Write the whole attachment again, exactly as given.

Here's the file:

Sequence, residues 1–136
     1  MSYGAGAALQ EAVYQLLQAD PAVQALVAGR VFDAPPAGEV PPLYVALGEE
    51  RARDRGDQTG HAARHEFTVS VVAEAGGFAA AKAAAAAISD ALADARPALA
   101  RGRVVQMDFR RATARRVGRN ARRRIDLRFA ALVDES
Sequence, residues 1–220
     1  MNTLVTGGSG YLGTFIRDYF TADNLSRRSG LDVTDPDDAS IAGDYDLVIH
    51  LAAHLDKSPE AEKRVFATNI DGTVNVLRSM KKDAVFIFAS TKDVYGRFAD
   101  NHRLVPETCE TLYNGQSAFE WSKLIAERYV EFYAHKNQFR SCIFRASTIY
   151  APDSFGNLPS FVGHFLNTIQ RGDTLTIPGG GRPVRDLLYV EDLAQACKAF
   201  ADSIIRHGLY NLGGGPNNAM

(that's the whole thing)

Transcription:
Sequence, residues 1–136
     1  MSYGAGAALQ EAVYQLLQAD PAVQALVAGR VFDAPPAGEV PPLYVALGEE
    51  RARDRGDQTG HAARHEFTVS VVAEAGGFAA AKAAAAAISD ALADARPALA
   101  RGRVVQMDFR RATARRVGRN ARRRIDLRFA ALVDES
Sequence, residues 1–220
     1  MNTLVTGGSG YLGTFIRDYF TADNLSRRSG LDVTDPDDAS IAGDYDLVIH
    51  LAAHLDKSPE AEKRVFATNI DGTVNVLRSM KKDAVFIFAS TKDVYGRFAD
   101  NHRLVPETCE TLYNGQSAFE WSKLIAERYV EFYAHKNQFR SCIFRASTIY
   151  APDSFGNLPS FVGHFLNTIQ RGDTLTIPGG GRPVRDLLYV EDLAQACKAF
   201  ADSIIRHGLY NLGGGPNNAM